If you’re seeing Sonic the Hedgehog this weekend, the most likely explanation is that you have kids. Or maybe you (or your kids) really love Jim Carrey, who plays the film’s zany villain. But I doubt many people scooped up advance tickets for the man who’s actually top-billed on the poster — even though his face isn’t actually on the poster. In fact, it’s possible that when this actor comes on screen, you may have a tough time remembering his name. Oh look, it’s… Mr. Handsome Guy? … Uh, the dude who was in those X-Men movies, right? … God, it’s on the tip of my tongue. … Who’s he again?
That’s none other than James Marsden, and I don’t blame you for forgetting. If anything, his good-looking blandness has been part of his appeal for years — but also his perpetual limitation. Yet in something like Sonic the Hedgehog, his ability to be unassuming is crucial. To tell the truth, he helps hold this utterly disposable kids’ movie together. Let other actors be compelling, gripping movie stars. James Marsden just wants to be your pal.
In Sonic the Hedgehog, he’s Tom, a friendly policeman who’s lived his whole life in Montana. He likes his quaint hometown — he likes these people — but he feels like he’s got something more to offer the world than rescuing cats out of gutters. That’s why he’s thrilled when he hears back from the San Francisco Police Department, which informs him that he’s been accepted for a transfer. It’s a big change for him and his loyal, smiling wife Maddie (Tika Sumpter), but the idea of solving crimes in a thriving metropolis sounds exciting — at last, he can start making a difference.
But Tom is actually not the main character — that, of course, would be Sonic, who crash-landed on our planet years ago after evading capture from some nasty interstellar dudes. Voiced by Ben Schwartz, Sonic gets the majority of the script’s zingers and wisecracks — he’s basically the movie’s Poochie — as he befriends Tom, who is understandably distraught to learn that a tiny, furry, talking blue alien has been residing in his neighborhood. They don’t initially get along, but they’ll have to team up if they want to escape the clutches of the evil Dr. Robotnik (Carrey), who’s on the hunt for Sonic.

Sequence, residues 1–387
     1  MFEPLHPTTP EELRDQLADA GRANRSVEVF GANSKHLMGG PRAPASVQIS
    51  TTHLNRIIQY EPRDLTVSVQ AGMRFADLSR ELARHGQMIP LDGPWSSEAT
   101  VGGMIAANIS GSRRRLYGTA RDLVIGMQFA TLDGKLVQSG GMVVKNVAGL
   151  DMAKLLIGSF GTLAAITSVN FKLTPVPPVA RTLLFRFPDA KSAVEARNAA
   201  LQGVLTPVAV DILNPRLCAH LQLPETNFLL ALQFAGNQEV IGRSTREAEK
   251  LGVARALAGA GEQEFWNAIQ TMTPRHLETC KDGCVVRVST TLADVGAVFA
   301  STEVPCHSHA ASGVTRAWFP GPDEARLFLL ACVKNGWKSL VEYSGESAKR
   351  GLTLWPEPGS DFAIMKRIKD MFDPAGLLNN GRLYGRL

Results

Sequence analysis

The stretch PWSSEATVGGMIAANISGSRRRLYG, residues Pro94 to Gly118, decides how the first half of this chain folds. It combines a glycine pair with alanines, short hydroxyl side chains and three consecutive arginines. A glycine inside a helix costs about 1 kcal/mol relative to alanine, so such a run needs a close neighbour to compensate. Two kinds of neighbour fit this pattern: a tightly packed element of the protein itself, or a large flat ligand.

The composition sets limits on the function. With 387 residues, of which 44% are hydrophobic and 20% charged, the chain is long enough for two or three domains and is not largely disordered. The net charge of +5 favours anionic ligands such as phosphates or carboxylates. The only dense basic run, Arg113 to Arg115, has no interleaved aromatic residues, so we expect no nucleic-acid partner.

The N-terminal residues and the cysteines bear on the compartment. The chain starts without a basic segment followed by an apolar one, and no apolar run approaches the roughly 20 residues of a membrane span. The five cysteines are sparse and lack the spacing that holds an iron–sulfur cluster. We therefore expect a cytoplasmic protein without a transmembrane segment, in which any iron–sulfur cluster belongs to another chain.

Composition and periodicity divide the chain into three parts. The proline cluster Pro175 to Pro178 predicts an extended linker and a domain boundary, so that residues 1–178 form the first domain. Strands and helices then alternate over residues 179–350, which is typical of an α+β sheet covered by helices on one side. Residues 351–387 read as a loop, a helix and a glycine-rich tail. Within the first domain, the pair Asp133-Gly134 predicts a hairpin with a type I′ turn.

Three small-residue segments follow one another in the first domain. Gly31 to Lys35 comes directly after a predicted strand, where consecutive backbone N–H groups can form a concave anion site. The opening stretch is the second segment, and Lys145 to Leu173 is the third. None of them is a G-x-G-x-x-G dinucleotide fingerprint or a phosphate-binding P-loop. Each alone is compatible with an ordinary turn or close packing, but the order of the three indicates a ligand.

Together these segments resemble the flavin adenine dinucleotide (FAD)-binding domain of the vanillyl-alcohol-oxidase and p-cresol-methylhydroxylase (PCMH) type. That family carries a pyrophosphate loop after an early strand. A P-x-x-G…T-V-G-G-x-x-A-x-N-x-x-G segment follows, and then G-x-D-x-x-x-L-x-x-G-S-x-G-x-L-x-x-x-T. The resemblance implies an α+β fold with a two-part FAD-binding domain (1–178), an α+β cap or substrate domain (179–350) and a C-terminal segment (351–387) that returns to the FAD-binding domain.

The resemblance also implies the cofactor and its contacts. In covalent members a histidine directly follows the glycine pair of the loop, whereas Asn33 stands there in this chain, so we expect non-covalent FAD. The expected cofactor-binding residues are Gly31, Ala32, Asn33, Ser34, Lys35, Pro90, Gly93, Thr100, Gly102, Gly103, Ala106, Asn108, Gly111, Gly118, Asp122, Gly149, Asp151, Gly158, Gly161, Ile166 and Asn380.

I don’t need to describe the plot from there because you can already guess — slapstick, hugging, learning, shameless product placement. (What the hell is Zillow doing in this?!?) Because not a lot of this is particularly funny, you’ll be mostly counting down the minutes until it’s over. Carrey certainly helps — he has a lot of fun as the silly scoundrel Robotnik — but he’s almost operating in his own, better movie, one that seems to hover high above the family-flick banality that is Sonic the Hedgehog.
That said, although Marsden’s a lot less flashy, he actually has the harder role: He’s got to invest in the whole goofy enterprise. He has to convince you that you’re actually enjoying this mediocrity. He has to be decent company along the way.
More or less, this is what Marsden has always done. The 46-year-old actor has fashioned a successful career out of being the other guy in films — maybe not the person you’re most excited to see in that film but, y’know, a person whose presence you also enjoy. (You know how when your friend tries to convince you to go to an event by saying, “So-and-so will be there. And so-and-so. Oh, and Noah — you like Noah, right?” Well, James Marsden is Noah — he’s not the principal lure, but he’s a welcome addition to any event.)